'Other countries pay people to have children'
It is time to make the most of a ‘fantastic resource’, says Minister for Children Frances Fitzgerald, writes SHEILA WAYMAN
The baby boom is often seen as a problem, raising issues from overcrowded maternity hospitals to the need to build new schools, but the 70,000-plus births here every year are “a fantastic resource” for the country.
That’s a message the first Minister for Children and Youth Affairs, Frances Fitzgerald, feels she needs to get across. “Other countries are paying people to have children,” she points out.
But, as every parent knows, what comes with babies is responsibility and it behoves the State, she says, “to get as much focus as we can on those early years”.
The benefits of early intervention have been proven beyond any doubt, by both international and Irish research, yet “I don’t think people really understand this yet”.
Children who get the right services early enough will stay in school longer, have a better chance of employment and their risks of addiction go down, she explains. “The cost savings are enormous. So this is about a country thinking long term.”
The Prevention and Early Intervention Programme for Children, which has been operating in three areas of Dublin – Ballymun, Darndale and Tallaght – and has been jointly funded by Atlantic Philanthropies, will be extended to three more areas this year, with a view to bringing the total to 10.
Although the new areas are yet to be identified “that should be the 10 – on objective criteria – most disadvantaged areas of the country”, she stresses.
Preparation of a national early years strategy is one of her priorities for 2013, following the appointment of an advisory group last April. “We don’t have a national policy on 0-3 years, which is kind of interesting when you think about it.”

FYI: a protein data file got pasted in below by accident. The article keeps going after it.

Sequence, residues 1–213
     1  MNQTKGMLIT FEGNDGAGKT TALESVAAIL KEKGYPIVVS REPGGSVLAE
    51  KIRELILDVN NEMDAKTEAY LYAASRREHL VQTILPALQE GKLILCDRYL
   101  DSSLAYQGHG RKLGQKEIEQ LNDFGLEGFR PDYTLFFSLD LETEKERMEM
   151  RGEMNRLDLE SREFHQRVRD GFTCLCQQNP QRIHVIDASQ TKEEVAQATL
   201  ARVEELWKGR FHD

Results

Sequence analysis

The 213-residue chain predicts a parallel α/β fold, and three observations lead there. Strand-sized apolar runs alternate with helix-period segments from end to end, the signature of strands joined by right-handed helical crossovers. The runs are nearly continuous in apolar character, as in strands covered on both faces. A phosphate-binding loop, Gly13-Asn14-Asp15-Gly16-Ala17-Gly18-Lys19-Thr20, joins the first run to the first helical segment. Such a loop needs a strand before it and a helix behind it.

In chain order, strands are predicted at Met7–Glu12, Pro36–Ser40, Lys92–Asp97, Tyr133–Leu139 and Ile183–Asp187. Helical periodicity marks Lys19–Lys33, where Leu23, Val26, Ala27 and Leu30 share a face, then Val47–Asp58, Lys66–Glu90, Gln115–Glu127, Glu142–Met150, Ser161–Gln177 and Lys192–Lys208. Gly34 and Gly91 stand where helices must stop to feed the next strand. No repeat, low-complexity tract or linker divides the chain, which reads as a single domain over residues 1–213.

In Ireland we focus more on economic issues than on social policy issues, she suggests.
“At a serious policy level, or news level, I don’t think we have the kind of debates yet in this country that we need on the kind of choices facing us on social policy.”
Take the question of whether there should be universal or selective social services, for example.
“I think that is a really important debate and we didn’t have it when we had all of the money around – when we could have done anything. Now we are having it and it is a really hard debate.”
There has been little “joined-up” discussion about the universality of services such as speech therapy and occupational therapy and their importance to children. All the evidence is that it is critical to get these to children under three. Yet the system in Ireland “has been completely ad hoc and sporadic and parents have had to reinvent the wheel”, she says.
The creation of a standalone Department of Children and Youth Affairs for the first time is an attempt to look at all the services for children and how they might be brought together, explains Fitzgerald.
While the passing last year of the children’s rights referendum was about “drawing a line in the sand” on Ireland’s “dreadful legacy” in relation to children, so too is the setting up of proper child-protection systems.
She hopes to have the legislation later in January for the establishment of the Child and Family Support Agency (CFSA). It will have 4,000 staff and has been allocated a budget of €546 million for 2013.
“It is about finally dealing with that legacy, which is such a humiliating legacy for the country. And it is not all historical – we have contemporary echoes,” she points out.
Almost every day she hears of some situation relating to child abuse, where somebody is asking for her advice.
“We have 1,500 cases confirmed every year of physical and sexual abuse and I suppose what we are hearing from England, in terms of recent events there, serves to highlight that kind of scary reality of what can happen and who can be involved and how persistent it is as an issue.”
The thinking behind the CFSA, she explains, “is that you have to take these areas of family support and child protection away from the big monolith of the Health Service Executive, which is changing anyway. It has been fairly lost within it.”